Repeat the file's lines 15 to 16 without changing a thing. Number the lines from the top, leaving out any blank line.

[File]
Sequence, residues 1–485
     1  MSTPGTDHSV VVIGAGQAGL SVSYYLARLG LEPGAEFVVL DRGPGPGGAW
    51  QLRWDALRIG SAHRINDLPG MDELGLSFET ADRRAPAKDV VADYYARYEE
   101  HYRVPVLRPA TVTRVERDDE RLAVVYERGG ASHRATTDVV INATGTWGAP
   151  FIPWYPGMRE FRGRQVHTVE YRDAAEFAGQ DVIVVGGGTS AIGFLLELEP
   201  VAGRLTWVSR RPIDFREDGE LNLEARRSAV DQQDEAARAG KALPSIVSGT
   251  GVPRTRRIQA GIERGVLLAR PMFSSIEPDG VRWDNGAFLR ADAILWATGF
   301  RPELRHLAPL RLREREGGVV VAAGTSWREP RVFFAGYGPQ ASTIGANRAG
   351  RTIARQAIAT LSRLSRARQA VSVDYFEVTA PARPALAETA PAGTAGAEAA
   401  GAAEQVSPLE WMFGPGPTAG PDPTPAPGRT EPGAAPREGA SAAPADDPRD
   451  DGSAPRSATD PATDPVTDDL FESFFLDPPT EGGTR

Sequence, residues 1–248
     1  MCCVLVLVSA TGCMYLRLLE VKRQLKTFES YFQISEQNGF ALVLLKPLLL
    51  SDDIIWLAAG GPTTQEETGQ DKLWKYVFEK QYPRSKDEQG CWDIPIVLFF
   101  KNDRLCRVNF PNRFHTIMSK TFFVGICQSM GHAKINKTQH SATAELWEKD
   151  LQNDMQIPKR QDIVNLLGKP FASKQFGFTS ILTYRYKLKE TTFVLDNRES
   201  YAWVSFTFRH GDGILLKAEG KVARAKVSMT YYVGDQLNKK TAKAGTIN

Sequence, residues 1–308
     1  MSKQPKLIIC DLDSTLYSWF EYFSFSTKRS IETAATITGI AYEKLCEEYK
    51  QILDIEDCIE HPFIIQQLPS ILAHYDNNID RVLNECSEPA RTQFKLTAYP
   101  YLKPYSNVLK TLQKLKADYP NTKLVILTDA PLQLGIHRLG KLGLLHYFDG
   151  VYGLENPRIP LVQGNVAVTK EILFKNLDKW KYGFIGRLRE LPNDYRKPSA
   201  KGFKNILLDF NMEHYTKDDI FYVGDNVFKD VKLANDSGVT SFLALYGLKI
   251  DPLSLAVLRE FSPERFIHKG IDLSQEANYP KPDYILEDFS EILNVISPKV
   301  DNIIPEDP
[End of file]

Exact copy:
   101  KNDRLCRVNF PNRFHTIMSK TFFVGICQSM GHAKINKTQH SATAELWEKD
   151  LQNDMQIPKR QDIVNLLGKP FASKQFGFTS ILTYRYKLKE TTFVLDNRES